Oxygen rise 400 mn years ago linked to spike in biodiversity: Study

The findings showed a nearly 80 per cent increase in oxygen levels from about 14 per cent 460 million years ago (the Middle Ordovician perid) to 24 per cent just 10 million years later during the Late Ordovician period.

Oxygen rise 400 mn years ago linked to spike in biodiversity: Study
(Representational image)

New York: A rapid rise in the oxygen levels over 400 million years ago may have provided a three-fold increase in biodiversity, new research has claimed.

The findings showed a nearly 80 per cent increase in oxygen levels from about 14 per cent 460 million years ago (the Middle Ordovician perid) to 24 per cent just 10 million years later during the Late Ordovician period.

This explosion of diversity, recognised as the "Great Ordovician Biodiversification Event", brought about the rise of various marine life, tremendous change across species families and types, as well as changes to the earth, starting at the bottom of the ocean floors. 

"Oxygen and animal life have always been linked, but most of the focus has been on how animals came to be," said Matthew Saltzman, Professor at the Ohio State University.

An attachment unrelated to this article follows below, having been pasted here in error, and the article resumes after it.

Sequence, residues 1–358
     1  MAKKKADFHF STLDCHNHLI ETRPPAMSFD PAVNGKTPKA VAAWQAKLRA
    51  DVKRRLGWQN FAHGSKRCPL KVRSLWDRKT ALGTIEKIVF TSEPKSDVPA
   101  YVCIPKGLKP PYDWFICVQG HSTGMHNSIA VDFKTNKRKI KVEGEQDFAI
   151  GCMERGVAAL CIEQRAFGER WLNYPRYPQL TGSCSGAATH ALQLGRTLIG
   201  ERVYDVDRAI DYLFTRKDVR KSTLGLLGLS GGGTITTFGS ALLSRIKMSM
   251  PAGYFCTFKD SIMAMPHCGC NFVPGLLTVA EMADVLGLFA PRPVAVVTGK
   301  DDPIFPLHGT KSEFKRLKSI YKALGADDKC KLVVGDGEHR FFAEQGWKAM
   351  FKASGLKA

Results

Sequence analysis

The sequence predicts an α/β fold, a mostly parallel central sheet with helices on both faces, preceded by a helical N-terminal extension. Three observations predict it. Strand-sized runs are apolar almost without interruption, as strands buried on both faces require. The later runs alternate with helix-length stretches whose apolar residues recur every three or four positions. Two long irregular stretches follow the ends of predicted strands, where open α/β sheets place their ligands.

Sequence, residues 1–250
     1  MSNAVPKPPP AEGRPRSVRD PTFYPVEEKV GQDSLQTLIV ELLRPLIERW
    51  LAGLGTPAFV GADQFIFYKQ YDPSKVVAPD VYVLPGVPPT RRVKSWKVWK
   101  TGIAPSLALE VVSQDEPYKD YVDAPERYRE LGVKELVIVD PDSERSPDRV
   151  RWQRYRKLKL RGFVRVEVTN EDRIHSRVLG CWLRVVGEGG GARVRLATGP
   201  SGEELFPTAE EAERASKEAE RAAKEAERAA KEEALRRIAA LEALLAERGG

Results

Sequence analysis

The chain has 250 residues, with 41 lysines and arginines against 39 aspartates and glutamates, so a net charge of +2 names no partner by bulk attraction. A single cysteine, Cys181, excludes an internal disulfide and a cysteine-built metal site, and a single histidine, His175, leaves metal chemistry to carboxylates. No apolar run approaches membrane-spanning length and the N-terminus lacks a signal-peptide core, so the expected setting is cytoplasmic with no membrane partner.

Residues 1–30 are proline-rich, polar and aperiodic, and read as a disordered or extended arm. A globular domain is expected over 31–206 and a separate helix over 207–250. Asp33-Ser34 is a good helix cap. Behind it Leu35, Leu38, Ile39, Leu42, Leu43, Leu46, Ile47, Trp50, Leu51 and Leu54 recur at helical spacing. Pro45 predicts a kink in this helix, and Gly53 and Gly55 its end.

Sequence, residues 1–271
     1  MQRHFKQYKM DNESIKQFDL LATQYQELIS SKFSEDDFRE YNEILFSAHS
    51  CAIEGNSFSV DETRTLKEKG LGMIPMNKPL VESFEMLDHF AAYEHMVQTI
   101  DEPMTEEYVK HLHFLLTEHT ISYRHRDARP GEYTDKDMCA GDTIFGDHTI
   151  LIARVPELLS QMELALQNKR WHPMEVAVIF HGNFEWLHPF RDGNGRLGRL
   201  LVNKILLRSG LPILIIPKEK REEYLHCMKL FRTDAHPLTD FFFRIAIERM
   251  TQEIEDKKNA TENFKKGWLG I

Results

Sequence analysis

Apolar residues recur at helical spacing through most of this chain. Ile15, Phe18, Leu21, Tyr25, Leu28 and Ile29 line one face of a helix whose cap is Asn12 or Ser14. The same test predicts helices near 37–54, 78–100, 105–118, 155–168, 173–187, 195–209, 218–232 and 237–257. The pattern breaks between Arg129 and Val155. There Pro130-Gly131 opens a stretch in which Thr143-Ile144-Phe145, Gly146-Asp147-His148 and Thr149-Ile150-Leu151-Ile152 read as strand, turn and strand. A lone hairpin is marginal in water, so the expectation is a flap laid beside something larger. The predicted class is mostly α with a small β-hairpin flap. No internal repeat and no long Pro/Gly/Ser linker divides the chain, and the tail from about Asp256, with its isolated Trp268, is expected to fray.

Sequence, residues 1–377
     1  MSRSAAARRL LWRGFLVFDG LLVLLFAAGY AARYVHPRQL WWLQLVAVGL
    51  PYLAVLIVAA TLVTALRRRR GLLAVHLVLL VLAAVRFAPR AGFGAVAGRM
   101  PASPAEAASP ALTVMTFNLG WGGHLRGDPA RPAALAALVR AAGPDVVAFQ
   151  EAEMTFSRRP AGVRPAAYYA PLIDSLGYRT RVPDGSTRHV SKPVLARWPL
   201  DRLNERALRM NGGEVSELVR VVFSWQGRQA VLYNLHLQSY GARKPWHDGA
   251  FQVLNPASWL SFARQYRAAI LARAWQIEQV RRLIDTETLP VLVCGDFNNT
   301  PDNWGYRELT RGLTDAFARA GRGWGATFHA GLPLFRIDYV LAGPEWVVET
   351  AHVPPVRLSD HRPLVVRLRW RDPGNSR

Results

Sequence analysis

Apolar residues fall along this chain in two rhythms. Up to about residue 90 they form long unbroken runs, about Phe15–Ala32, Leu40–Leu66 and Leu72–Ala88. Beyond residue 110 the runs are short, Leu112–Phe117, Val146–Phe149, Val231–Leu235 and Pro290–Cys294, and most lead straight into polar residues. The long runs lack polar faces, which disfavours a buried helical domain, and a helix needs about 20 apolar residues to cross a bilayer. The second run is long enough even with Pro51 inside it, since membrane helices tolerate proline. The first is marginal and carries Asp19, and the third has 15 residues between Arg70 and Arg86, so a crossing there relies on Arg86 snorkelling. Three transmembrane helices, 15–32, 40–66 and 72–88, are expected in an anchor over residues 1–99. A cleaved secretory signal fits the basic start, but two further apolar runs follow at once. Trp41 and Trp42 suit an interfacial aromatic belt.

"Our work suggests that oxygen may have been just as important in understanding how animals came to be so diverse and abundant," Saltzman said.

"It should be stressed that this was probably not the only reason why diversification occurred at that time. It is likely that other changes -- such as ocean cooling, increased nutrient supply to the oceans and predation pressures -- worked together to allow animal life to diversify for millions of years," said Cole Edwards, Assistant Professor, Appalachian State University in North Carolina, the US.

For the study, detailed in the journal Nature Geoscience, the team used geological data from areas in the west, north and east US, as well from Canada, South America and Estonia to estimate levels of dissolved inorganic carbon through deep history.

Using geochemical proxies, high-resolution data and chemical signatures preserved in carbonate rocks formed from sea water, the researchers were able to identify an oxygen increase during the Middle and Late Ordovician periods. 

"In this research, we show that the oxygenation of the atmosphere and shallow ocean took millions of years, and only when shallow seas became progressively oxygenated were the major pulses of diversification able to take place," Edwards said. 

But, it cannot be determined if the effect of the higher oxygen levels was direct, or if it was passive, simply expanding the range of environments life could inhabit, the researchers noted.

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